Wednesday, January 30, 2013

Float Cabin Living

In 2001, Wayne and I discovered our float cabin on Powell Lake in Coastal BC.  In the beginning, we could only be there on school holidays since we were both educators. Now we can be in our off-the-grid cabin home about 75% of the year in all seasons.

Coastal communities are linked primarily by the ocean, rivers, and lakes. In the water world, floating cabins were traditionally used for logging and fishing camps. Today on Powell Lake, they are recreational getaways for locals and visitors from around the world.

Our cabin is built on a 40X40 foot cedar log float. The cabin is 675 square feet including a great room for our kitchen and living area, guest bedroom, storage room, bathroom, and a large loft bedroom. We use solar, wind and thermoelectic power augmented with a gas generator in winter. Our stove, refrigerator, and lights use propane. Our wood stove provides heat, we get our water directly from the lake, and our toilet uses composting technology.  It's a simple living arrangement that brings us a lot of pleasure.

Here are some links for more information:

Off Grid Float Cabin
Hole in the Wall
Float Cabin Living
Float Cabin Construction
Powell River Books

If you have any questions, please leave a comment or use the e-mail link in my profile. -- Margy

Tuesday, January 29, 2013

Idle No More

Here in Canada there's a movement called Idle No More. This movement is about standing together to save the environment, preserving First Nations cultures, and respect for all.

Many people in my hometown of Powell River care deeply about the environment.  On January 11, members of Tla’amin (Sliammon) First Nation joined a Canada-wide demonstration in support of Idle No More.  A girl from Tla'amin named Ta'Kaiya Blaney spoke and sang at the gathering with a powerful message for all of us. Click the arrow to hear it for yourself.



This video by Damien B is also available on YouTube.  Thank you Damien for giving me permission to share it with you here on my blog.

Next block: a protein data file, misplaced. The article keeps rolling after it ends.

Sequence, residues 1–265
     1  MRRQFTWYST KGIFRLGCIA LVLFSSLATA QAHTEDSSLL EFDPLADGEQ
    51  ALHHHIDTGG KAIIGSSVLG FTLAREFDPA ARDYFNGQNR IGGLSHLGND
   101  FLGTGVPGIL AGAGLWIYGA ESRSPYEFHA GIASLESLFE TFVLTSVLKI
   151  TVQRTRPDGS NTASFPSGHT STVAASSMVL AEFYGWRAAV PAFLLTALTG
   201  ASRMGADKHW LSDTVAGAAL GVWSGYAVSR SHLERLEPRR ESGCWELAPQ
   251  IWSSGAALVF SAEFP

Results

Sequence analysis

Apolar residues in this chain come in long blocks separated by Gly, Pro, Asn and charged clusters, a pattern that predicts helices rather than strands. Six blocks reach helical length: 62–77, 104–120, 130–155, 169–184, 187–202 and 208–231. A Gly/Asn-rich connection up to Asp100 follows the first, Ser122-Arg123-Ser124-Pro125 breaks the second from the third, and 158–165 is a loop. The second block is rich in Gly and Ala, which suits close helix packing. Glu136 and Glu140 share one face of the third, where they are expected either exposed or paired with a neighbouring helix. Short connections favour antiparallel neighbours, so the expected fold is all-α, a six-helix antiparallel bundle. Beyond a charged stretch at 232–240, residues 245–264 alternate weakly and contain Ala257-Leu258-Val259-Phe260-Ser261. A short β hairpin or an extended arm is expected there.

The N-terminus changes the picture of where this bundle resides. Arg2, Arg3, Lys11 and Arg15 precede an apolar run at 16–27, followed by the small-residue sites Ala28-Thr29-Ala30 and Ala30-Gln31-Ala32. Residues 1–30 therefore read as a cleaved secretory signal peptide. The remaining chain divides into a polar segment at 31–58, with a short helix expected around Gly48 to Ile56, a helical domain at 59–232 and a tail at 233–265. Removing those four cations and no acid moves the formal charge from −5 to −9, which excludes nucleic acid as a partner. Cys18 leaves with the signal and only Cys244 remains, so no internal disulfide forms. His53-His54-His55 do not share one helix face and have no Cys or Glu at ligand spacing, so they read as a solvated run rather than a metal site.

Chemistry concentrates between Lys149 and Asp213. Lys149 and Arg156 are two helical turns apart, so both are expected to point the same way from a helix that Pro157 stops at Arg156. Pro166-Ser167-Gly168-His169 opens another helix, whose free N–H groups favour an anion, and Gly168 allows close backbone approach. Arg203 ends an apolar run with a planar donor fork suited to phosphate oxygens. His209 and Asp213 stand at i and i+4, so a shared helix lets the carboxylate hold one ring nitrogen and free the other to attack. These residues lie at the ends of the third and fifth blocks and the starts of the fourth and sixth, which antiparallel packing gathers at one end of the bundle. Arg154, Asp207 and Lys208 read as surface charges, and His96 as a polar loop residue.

What are some of the things you do to protect our environment and foster respect between all people? -- Margy

Monday, January 28, 2013

Cooked Sweats

This isn't my normal kind of Monday cooking post. But back up too close to a wood stove, and you just might "cook" your buns, literally. You can see that I did just that to a pair of sweat pants.

The synthetic fabric first melts, then becomes brittle. A hole in a critical spot in the cold country can make for quite a draft in unwelcome places.

So, after a few wearings of my holey sweats I got out my trusty needle and thread, and a piece of flannel sheet fabric from my sewing drawer. First I stitched the melted edges back together.

Then I sewed a flannel patch on the inside to keep the rough edges of the melted pant leg away from my skin. Then I repeated the process with another patch on the outside to hold the hole together during washing and wearing.


Now I can back up to the wood stove and warm my buns without burning.  That's what I call a recipe for success.

Do you mend and patch still?  It was something my mother and grandmother did regularly.  Now that we are doing things in a more simple manner up at the cabin, I've put into practice some of the things I saw growing up. -- Margy

Sunday, January 27, 2013

Goodbye Stumpy

Because our cabin floats, it moves back and forth, and up and down with the lake.  Steel cables anchor us in place, and log booms provides a floating barrier to protect us from wind waves and wakes.

We augment the boom in front with stumps. They are decorative and the deep roots help settle rough water.

Sometimes the lake decides to take our stumps back. A few weeks ago, we had strong winds. The next morning I saw that Stumpy was missing.

I looked out and saw him floating towards the narrows. After it calmed, we tried to retrieve our wayward stump, but couldn't get him to tow straight.  After several tries, we decided to say goodbye to Stumpy.


We wish him well and thank him for the protective service he provided while visiting our cabin home. -- Margy

Saturday, January 26, 2013

Garden Bunny

I know it's still January and the heart of winter, but my mind keeps jumping ahead to spring. Bunny has been with me since 2003, the first year of my floating gardenIn 2010, he got a facelift and had reconstructive back surgery so he could continue with his garden protection duties.


He's actually a movie star bunny.  Recently he was seen on duty in Hole in the Wall on the travel channel.  Right now there's only a few hopeful Grape Hyacinths ready for some warm weather to go with the moist rains.